Small towns are under appreciated; more accurately, stories about small towns and their inhabitants are under appreciated and glossed over by ‘big city’ folks.
Having grown up in a small town and now living in a ‘big’ city, I can appreciate the advantages of both settings.
Trochu, Alta. is one of those gems that is easily passed by on Hwy 21. You drive by and see a cemetery and as you leave the area, a large golf tee. Unless you turn left and drive through you miss the beauty and richness of the rural community. Murals decorate the walls of the pharmacy, and a restored building is the bottle depot. A restaurant now inhabits an old clothing store gracefully. Implement, car dealerships and ag businesses seem to dominate the area.
Nothing could be farther from the truth.
Bill Cunningham, a lifelong citizen of Trochu, has honoured his community with something intangible that can not be described well. It is passion mixed with commitment and a demeanor that echoes the sentiment being at peace within himself and history around him. It is almost as if the Trochu Museum president looks around and sees history playing itself out right in front of his eyes.
Not only has his family served the area in his lifetime, but his mother and fathers as well. They have been fixtures in the community and its functions for decades. His mother was part of the first history book, and Cunningham has been instrumental in the growth of the museum and the 2nd volume of the history book.
He went to school in Trochu Valley, interned as a teacher in Trochu Valley, and taught his whole career in Trochu Valley. He coached volleyball, basketball and took students overseas many times. He is a rare individual. Those who know him, call him ‘sir,’ out of respect for his respect for them.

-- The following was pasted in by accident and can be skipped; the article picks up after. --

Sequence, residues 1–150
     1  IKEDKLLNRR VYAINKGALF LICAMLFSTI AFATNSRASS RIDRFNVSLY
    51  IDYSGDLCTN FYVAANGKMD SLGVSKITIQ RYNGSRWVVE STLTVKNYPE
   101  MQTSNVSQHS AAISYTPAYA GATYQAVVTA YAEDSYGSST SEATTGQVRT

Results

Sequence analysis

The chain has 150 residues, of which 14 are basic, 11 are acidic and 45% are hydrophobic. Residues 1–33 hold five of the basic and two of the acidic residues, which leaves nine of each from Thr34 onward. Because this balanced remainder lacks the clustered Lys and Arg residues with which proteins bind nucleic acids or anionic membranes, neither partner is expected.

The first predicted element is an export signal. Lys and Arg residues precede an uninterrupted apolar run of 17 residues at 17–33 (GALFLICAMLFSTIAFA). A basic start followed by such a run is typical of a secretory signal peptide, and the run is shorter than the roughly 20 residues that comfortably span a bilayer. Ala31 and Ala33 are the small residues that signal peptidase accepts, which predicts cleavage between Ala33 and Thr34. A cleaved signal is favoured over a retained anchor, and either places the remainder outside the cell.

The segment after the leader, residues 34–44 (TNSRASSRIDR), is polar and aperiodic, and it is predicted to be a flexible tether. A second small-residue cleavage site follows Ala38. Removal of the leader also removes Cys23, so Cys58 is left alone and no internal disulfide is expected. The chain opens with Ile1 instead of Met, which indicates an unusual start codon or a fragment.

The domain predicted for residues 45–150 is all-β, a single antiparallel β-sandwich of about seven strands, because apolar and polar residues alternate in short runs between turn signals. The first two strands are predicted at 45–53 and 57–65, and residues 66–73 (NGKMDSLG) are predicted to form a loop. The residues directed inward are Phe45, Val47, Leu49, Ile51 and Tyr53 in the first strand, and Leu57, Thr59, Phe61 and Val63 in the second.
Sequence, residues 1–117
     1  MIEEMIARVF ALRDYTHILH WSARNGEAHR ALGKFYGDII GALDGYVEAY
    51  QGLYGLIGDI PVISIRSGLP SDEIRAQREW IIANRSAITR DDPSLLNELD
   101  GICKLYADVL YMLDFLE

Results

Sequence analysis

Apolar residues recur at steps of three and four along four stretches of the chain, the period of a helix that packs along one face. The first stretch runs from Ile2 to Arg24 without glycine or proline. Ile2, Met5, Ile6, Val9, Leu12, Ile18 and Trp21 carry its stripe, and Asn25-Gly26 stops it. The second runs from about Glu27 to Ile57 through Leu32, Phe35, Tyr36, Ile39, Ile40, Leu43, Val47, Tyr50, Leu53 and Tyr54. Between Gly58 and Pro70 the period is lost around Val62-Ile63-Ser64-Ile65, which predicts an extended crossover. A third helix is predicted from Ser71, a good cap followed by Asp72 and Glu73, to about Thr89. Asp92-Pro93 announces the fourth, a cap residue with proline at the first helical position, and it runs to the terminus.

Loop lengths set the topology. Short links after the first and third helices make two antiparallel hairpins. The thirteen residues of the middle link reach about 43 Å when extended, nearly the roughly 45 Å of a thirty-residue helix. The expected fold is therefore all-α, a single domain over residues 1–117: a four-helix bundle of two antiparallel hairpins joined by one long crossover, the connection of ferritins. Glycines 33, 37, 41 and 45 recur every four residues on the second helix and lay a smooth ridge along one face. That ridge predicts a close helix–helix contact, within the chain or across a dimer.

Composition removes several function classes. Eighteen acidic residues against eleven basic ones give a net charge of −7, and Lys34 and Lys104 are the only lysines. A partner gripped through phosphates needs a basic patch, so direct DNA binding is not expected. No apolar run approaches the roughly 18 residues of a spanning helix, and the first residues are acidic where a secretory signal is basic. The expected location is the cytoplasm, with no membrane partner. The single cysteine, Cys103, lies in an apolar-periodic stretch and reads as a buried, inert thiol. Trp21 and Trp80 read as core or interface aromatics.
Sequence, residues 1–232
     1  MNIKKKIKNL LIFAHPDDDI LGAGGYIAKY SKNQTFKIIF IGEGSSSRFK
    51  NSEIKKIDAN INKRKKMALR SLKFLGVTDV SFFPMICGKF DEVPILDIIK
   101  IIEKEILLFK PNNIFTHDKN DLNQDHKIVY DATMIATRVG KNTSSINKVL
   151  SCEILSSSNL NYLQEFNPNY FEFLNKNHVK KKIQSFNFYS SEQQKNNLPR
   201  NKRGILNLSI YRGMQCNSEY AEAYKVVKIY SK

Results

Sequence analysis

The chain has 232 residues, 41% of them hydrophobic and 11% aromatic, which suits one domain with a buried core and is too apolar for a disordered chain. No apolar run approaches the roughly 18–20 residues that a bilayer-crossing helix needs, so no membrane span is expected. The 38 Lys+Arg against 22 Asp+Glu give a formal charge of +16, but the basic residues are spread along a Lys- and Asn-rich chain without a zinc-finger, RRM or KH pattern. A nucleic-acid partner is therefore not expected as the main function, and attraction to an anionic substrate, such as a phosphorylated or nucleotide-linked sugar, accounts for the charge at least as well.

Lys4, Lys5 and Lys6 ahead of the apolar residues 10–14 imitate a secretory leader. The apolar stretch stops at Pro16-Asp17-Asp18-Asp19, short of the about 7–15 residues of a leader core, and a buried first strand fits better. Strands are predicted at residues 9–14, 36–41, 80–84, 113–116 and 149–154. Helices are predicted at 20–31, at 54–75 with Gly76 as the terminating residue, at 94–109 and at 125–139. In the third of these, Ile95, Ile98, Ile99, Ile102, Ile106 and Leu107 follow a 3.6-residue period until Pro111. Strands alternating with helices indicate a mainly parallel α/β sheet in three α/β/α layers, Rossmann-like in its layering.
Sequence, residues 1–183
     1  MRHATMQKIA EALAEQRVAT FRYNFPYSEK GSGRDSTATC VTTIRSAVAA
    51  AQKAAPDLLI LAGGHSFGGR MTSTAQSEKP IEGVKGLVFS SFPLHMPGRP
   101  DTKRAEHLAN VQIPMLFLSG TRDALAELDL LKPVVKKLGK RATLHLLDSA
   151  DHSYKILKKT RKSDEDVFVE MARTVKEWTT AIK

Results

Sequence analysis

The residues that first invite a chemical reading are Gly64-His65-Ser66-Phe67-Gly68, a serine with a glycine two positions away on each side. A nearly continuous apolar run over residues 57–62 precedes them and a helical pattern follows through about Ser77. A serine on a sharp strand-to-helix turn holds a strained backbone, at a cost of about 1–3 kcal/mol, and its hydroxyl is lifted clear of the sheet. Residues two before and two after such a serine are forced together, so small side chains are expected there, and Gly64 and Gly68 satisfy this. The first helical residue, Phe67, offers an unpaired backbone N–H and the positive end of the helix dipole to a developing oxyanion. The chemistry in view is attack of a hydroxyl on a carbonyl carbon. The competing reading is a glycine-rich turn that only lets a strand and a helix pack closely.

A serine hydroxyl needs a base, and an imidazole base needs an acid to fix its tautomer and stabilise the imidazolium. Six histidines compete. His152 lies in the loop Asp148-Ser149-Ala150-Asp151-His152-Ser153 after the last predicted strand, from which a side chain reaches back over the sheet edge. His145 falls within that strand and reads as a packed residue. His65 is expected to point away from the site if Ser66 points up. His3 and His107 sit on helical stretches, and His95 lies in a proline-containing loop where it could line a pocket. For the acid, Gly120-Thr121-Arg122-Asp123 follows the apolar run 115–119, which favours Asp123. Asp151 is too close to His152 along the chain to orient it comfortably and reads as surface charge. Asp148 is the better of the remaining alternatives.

During his historical journey, his interest in the World Wars has resulted in two books, with the 2nd just released.
“Small Town Stories of World War II,” is a 120 plus page book packed with photos, personal stories and is an amazing piece of research and passion.
During the writing, Cunningham poured over provincial archives, interviewed families of veterans, scanned photos and learned more about the men and women from Trochu and area who went off to war, most of whom returned.
He included lists of individuals who served in the army, navy, air force and hospitals. As a student of the school in the mid 1970s, I remember many of the men and women without knowing anything about their past, now I do.
Huxley, Torrington, Elnora, Wimborne and Trochu volunteers are included.
One of the most amazing stories in the book is that of George Eckenfelder and his capture of 119 Germans in a cave. For those who have read the first book, his father was also a distinguished soldier in the First World War. Courage and service came naturally for the family.
Priced at $30, this book deserves to be on the shelves of family members, collectors and veterans across Alberta. As an added bonus, funds raised from the sale of this book go to the museum Cunningham so loyally supervises.
You can buy this book by going to UFA Fuels and the Trochu Library. Or you can mail a cheque for $36 payable to the Trochu Museum to: Box 538, Trochu, Alberta, T0M 2C0.
Tim Lasiuta, Red Deer